Something I have been thinking about over the past few hours is what we might term ‘Western Shakta’ conceptry.
Now, to explicate what I mean by this … if we consider several of the major strands of Western Indo-European religious belief, we find that these are co-expressive of significant strands found amidst the Hindusphere. This absolutely should not surprise us. Same Gods, for a start.
So, when we are speaking about ‘Odinism’ or ‘Dionysian’ approaches … what we are implicitly discussing is that aforementioned Western correlate expression to what we find in the Shaivite sphere of Hinduism.
This matches up rather well for the mythology, of course – however the ‘interesting question’ has always been how well it works for the ‘theology’ … and also for the ‘esoteric’ side of things when it comes to the personal and much higher-level (in some ways) forms of practice.
I tend to believe that the pattern continues – and that the resonancies to be found elsewhere are so significantly strong that they to some extent enable us to ‘overcome’ the manifest gaps in actual detail which we have for these Western IE spheres of action.
Or, to perhaps address things in another manner – while there’s no way that we’ll be able to accurately reconstruct a workable paradigm for, say, breath-control for empowerment in the Nordic / Germanic sphere (or, at least, not to anything like the incredible depth, potency, and detail for which Pranayama is attested in the Hindusphere) … the fact that we can identify the Same God presiding over a strongly correlate-coterminous cognate approach to the Vital Energy of Breath [viz. my recent work ‘On The Mytholinguistics of the Smoking Breath’, etc.], should appear to suggest that similar mechanisms for engaging with the God and engaging with the Energy ought be at least somewhat effective.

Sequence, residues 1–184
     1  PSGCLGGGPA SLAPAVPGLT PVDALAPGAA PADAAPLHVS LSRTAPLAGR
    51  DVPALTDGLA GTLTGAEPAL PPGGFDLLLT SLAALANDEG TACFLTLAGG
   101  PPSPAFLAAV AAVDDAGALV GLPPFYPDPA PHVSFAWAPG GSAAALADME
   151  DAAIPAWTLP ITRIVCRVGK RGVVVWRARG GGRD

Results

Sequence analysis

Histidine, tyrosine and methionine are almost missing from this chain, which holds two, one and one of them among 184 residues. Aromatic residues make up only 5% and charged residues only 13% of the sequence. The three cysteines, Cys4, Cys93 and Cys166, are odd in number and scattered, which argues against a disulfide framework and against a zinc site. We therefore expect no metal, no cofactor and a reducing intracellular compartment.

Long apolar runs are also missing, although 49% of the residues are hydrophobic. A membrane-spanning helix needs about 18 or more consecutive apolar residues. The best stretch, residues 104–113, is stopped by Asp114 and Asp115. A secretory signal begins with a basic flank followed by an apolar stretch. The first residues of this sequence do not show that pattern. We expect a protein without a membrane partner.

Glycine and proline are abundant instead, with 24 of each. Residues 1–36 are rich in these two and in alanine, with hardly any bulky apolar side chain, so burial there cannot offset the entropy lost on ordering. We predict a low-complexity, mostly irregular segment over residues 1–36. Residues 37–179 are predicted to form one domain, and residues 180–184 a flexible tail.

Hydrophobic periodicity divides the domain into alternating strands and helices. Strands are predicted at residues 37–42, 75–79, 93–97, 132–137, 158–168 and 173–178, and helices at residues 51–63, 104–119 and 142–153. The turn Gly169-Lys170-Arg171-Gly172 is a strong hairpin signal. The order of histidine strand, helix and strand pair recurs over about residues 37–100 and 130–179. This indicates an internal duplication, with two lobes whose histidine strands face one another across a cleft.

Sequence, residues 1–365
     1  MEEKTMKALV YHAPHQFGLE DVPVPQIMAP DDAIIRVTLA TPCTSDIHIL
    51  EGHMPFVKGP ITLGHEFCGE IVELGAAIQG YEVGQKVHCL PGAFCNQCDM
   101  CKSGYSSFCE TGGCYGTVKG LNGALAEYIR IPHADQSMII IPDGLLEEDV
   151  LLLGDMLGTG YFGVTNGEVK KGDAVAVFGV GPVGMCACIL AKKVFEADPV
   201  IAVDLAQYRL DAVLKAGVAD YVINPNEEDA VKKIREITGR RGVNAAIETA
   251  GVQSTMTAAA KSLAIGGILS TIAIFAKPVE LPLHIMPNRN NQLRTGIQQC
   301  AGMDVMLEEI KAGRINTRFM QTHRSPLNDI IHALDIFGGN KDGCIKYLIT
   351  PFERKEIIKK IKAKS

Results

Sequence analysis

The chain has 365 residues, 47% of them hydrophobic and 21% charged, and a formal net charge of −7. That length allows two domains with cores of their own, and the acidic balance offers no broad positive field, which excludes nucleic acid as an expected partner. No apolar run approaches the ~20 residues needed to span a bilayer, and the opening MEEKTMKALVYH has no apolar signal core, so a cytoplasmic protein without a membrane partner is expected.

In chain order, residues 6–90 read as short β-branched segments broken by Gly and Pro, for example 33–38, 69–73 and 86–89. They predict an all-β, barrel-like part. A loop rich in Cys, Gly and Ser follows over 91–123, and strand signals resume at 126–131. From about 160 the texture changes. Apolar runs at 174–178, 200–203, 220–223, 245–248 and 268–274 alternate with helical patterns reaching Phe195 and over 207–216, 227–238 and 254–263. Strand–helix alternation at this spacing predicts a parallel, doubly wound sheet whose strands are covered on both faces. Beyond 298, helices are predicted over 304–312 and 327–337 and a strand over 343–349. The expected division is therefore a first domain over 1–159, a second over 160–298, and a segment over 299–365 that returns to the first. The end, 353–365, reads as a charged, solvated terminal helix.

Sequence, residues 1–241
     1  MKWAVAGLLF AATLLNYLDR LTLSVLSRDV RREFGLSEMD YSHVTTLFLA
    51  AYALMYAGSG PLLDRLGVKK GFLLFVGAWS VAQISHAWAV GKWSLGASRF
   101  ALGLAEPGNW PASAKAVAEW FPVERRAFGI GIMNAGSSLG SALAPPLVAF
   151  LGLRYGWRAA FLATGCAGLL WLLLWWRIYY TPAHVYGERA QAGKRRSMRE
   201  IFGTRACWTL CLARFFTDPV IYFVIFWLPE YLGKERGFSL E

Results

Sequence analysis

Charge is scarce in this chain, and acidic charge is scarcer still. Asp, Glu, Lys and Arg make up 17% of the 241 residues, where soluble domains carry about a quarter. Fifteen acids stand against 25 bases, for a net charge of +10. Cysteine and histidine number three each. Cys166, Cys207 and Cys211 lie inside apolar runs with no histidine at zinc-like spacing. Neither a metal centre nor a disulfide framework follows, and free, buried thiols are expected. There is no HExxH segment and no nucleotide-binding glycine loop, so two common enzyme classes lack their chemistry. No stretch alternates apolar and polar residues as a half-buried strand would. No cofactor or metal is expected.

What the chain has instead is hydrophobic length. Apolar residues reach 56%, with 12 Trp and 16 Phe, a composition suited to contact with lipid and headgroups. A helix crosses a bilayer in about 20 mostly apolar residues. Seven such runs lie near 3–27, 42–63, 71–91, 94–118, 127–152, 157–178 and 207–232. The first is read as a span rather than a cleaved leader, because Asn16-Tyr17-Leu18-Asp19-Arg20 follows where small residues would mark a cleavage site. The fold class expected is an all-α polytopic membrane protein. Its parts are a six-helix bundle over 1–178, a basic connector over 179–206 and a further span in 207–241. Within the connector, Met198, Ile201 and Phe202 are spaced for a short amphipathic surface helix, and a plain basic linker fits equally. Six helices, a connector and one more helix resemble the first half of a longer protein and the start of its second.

Now, where I’m going with this is the aforementioned enthusiasm for ‘Western Shaktism’ conceptry that has been burgeoning in my mind.
The situation that we have, as applies the Indo-European religious spheres of the West is that we know that these have Goddess(es), and we also know that these are often pretty strongly correlate with the Hindu co-expressions of same.
We can also, intriguingly, identify an array of empowerments from and engagements with said Goddesses that directly resonate with what we find in the Hindusphere – again suggesting that there is considerable scope for exploring potential resonancies of tangible practice in these regards.
Although it has to be said that, for various reasons, what we have that’s come down to us in certain of these Western IE spheres is .. not quite so direct in extolling the glories and centrality of these figures. Even if the materials in question are still very much there in more fragmentary and brief attestation.
As for why all of this matters – the situation of the Shakta & Shaivite spheres in the East is that these … aren’t really ‘separate’ spheres. The ‘Venn Diagram’, if you like, is as appropriately overlapping as to, as with the Ardhanarishvara Shared-Aspect of Shiva & Devi, not really make for ‘discrete’ identities at all.
Rather, what we tend to observe is that housed within what might be approachable as a Shaivite understanding – is, irreducibly, the Devi-figure that is associated with it. Empowering it – giving it life, and enabling it to come forth.